Learn definition of continuity calculus, infinite and jump discontinuity, practice one sided continuity for piecewise functions and Graph Reflection of Discontinuity.

A function 'f' is continuous at \(x=a\), if

\(\lim\limits_{ x\to a^+}f(x)=\lim\limits_{ x\to a^–}f(x)=f(a)\)

\(i.e,\) \(\lim\limits_{ x\to a}=f(a)\) \((\lim\limits_{ x\to a}f(x)\,\text{will exist only if }\lim\limits_{ x\to a^+}f(x)=\lim\limits_{ x\to a^–}f(x)).\)

- \(f(a)\) is defined as an assumption in the above definition.
- If 'f' is not continuous at \(x=a\), we say it is discontinuous at \(x=a\).

Continuity at \(x=a\)

\(\Rightarrow\,f(a)=f(a^+)=f(a^-)\)

(No break at \(x=a\))

- If a function \('f'\) is discontinuous (not continuous) at \(x=a\), then there will be a break in the graph at \(x=a\).

- If a function \('f'\) is discontinuous at \(x=a\), due to the fact that limit at \(x=a\) exists but is not equal to \(f(a)\).

\(i.e,\) \(\lim\limits_{x\to a^+}f(x)=\lim\limits_{x\to a–}f(x)\neq f(a)\)

Then, it is called removable discontinuity.

- The name removable is given because it can be removed by redefining.

\(f(a)=\lim\limits_{x\to a}f(x)\)

\(\lim\limits_{x\to a^+}f(x)=\lim\limits_{x\to a–}f(x)\ne\,f(a)\)

- If we redefine \(f\) at \(x=a\) i.e \(f(a)=\lim\limits_{x\to a}f(x)\) the dot gets filled and graph becomes continuous.

**Note :** we have to evaluate the limit in such problem but the language is of continuity.

If the discontinuity at \(x=a\) is due to the fact that limit doesn't exist at \(x=a,\,i.e\)

\(\lim\limits_{x\to a^+}f(x)\ne\lim\limits_{x\to a^-}f(x)\), we say that \('f'\) has a jump discontinuity at \(x=a\).

- Such a discontinuity is reflected by a jump in the graph of function at \(x=a\). (therefore the name).
- \(f(x)=[[x]]\) has such a discontinuity at every integer.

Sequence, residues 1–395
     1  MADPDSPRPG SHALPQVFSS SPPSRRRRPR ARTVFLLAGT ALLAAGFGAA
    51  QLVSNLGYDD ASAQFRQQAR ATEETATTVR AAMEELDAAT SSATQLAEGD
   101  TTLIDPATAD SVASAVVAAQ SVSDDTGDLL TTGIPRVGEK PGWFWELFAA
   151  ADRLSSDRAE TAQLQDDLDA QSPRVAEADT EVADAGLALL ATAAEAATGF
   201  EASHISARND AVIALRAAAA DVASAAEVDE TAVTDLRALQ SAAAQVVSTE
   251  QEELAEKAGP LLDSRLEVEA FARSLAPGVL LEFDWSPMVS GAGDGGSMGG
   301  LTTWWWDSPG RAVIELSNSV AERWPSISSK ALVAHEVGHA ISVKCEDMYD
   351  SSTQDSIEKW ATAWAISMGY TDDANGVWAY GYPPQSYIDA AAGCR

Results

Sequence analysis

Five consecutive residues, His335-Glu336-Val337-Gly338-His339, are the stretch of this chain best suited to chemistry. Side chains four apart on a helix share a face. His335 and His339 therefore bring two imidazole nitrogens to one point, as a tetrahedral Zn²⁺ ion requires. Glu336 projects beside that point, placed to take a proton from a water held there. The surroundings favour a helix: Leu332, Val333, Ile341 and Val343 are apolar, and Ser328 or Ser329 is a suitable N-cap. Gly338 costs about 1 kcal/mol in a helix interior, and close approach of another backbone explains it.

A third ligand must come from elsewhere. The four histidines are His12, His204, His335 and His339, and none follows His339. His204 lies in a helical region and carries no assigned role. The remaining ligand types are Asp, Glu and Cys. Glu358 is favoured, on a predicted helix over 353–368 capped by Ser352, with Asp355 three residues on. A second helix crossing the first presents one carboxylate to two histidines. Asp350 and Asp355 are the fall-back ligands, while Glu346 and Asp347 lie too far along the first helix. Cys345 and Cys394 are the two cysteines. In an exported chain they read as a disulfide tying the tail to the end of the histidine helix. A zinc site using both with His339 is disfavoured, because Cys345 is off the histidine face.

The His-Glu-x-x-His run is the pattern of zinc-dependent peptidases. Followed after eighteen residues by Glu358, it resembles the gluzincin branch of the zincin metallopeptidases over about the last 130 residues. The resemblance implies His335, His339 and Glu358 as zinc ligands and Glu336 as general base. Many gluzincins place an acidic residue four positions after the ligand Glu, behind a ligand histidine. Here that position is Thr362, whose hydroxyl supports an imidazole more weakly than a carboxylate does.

A \(f\) has a removable discontinuity at \(x=0\)

B \(f\) has a jump discontinuity at \(x=0\)

C \(f\) is continuous at \(x=0\)

D \(f\) has an infinite discontinuity at \(x=0\)

- If the discontinuity is due to the fact that \(\lim\limits_{x\to a}f(x)=\infty\) (not a finite number) then, it is called infinite discontinuity.
- \(f(x)=tan\,x\) has an infinite discontinuity at \(x=(2n+1)\dfrac{\pi}{2}\) where, \(n\) is an integer.

\(f(x)=tan\,x\) at \(x=\dfrac{\pi}{2}\)

\(\lim\limits _{x\to{\pi}/{2}^+}tan\,x=–\infty\) and \(\lim\limits _{x\to{\pi}/{2}^–}tan\,x=\infty\)

At least one of two limits R.H.L or L.H.L is infinity.

A \(f(x)=\dfrac{1}{x+3}\) at \(x=–3\)

B \(f(x)=\dfrac{1}{x}\) at \(x=2\)

C \(f(x)=\dfrac{2}{x^2}\) at \(x=2\)

D \(f(x)=\dfrac{1}{x+7}\) at \(x=1\)

- A function \('f'\) is said to be continuous from the right or right continuous at a value \(x=a\) if

\(\lim\limits_{x\to a^+}f(x)=f(a)\)

i.e R.H.L = \(f(a)\). (L.H.L is a different value)

- Similarly, it is said to be continuous from the left or left continuous at a value \(x=a\) if

\(\lim\limits_{x\to a^-}f(x)=f(a)\)

i.e L.H.L = \(f(a)\), (R.H.L is a different value)

- \(f(x)=[[x]]\) is continuous from right at every integral value of \(x\).

- A function \('f'\) is said to be continuous from the right or right continuous at a value \(x=a\) if

\(\lim\limits_{x\to a^+}f(x)=f(a)\)

i.e R.H.L = \(f(a)\). (L.H.L is a different value)

- Similarly, it is said to be continuous from the left or left continuous at a value \(x=a\) if

\(\lim\limits_{x\to a^-}f(x)=f(a)\)

i.e L.H.L = \(f(a)\), (R.H.L is a different value)

- \(f(x)=[[x]]\) is continuous from right at every integral value of \(x\).

- If \('f'\) is a piecewise function then we can find the right and left hand limits at all point when the definition expression of f changes.
- e.g

\(f(x)= \begin{cases} 2x+5 & if & x<1\\ x^2+4 & if & x \geq1\\ \end{cases}\)

At x=1,

\(\lim\limits_{x\to 1^+}(x^2+4)=5\)= R.H.L

\(\lim\limits_{x\to 1^-}(2x+5)=7\) = L.H.L

\(f(1)=1+4=5\)

\(\therefore\,f(1)=\) R.H.L \(\ne\) L.H.L

\(\therefore\,f\) is right continuous at \(x=1\).

A \(f\) is right continuity at \(x=1\)

B \(f\) is left continuity at \(x=1\)

C \(f\) is continuous at \(x=1\)

D Nothing can be said about continuity of \('f'\) at \(x=1\)

Consider the graphs of functions having various types of discontinuities.

\('f'\) has a removable discontinuity at \(x=a\) in the graph shown.

\('f'\) has infinite discontinuity at \(x=a\) in the graph shown.

R.H.L \(\ne\) L.H.L (R.H.L – L.H.L) = Jump.

\(f\) has a jump discontinuity at \(x=a\), there is a jump in the graph at \(x=a\).